This weekend I saw Hull Truck's production of Jim Cartwright's infamous play, 'Little Voice'. The play was first performed by Hull Truck, starring Jane Horrocks in the lead role, and has since been made into a film of the same name starring, Horrocks, Ewan McGregor and Brenda Blethyn.
The production was nicely set, and had real energy from the beginning. Little Voice here was played by Lauren Hood, who's singing voice was truly wonderful and showed the range of emotion and character in those she was impersonating, whereas the rest of the performance was also an impersonation, this time of Jane Horrocks, but lacking the sparkle Horrocks added to the role.
Mari Hoff, the mother, was here played by Helen Sheals. The performance overall was sketchy in parts, particularly in moments of humour where laughs were expected but seldom came.
This lack of guffaw cannot be solely attributed to the performers, however, but rather that awkward feeling you have when you are one of only a handful of people. For a Saturday matinee of a show like this one could expect a packed house, filled to the gills with families, theatre goers and enthusiasts who had seen and loved the film. However, this show at the Rose told a different story. As I sat on my lone cushion in the pit of the theatre, I couldn't help but feel very isolated, as the remaining dozen of the audience sat 3 meters behind me and the action happened three meters in front. Inadvertantly my squirming had become part of the show.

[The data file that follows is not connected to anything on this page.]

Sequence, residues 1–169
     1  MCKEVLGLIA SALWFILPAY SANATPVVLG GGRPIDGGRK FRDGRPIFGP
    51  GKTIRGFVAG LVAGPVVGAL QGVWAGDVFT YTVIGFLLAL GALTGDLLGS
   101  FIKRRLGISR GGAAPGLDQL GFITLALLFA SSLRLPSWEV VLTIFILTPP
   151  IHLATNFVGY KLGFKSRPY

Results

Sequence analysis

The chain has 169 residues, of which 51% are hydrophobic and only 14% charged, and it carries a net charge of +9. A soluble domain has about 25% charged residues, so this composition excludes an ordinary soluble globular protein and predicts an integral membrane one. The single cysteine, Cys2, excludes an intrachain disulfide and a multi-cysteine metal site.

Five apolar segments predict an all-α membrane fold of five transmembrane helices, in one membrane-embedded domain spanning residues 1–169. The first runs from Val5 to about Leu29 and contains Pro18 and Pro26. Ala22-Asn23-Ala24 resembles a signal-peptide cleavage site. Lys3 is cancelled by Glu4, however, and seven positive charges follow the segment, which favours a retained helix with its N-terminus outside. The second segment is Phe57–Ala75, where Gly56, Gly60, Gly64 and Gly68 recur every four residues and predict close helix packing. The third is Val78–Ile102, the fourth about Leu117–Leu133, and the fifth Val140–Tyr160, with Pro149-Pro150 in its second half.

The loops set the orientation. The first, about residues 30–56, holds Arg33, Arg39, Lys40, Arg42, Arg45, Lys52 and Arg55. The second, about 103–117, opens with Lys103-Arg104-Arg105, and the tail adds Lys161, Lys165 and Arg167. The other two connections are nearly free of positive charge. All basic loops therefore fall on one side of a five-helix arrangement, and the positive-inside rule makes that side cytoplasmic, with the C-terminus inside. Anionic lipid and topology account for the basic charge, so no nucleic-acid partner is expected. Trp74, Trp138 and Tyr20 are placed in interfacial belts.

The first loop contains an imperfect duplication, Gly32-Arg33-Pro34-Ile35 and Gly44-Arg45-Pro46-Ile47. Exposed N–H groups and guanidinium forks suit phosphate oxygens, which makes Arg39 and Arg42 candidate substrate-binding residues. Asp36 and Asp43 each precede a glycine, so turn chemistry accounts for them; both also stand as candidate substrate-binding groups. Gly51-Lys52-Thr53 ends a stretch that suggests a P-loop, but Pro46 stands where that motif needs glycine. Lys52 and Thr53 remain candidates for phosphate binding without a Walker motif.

My concern is who is going to the Rose Theatre? If the audience they were hoping to capture were people who enjoyed some light entertainment on a Saturday afternoon, they haven't succeeded. But then, does 'Little Voice' have anything to say the people of Richmond and Kingston in 2011?
My visit to the Rose this weekend left me thinking more about the theatre I was in rather than the show I watched. The audience numbers both saddened and angered me - not only because of this show but every subsequent ill-attended piece of theatre I've seen there. I was saddened that another theatrical resource isn't reaching out to the community it resides in - and angered for the same reason. Do the Rose know who their audeinces are? What they want? And what the're prepared to pay for? There are some serious questions to be asked, otherwise the future of this tehatre could be in jeopardy.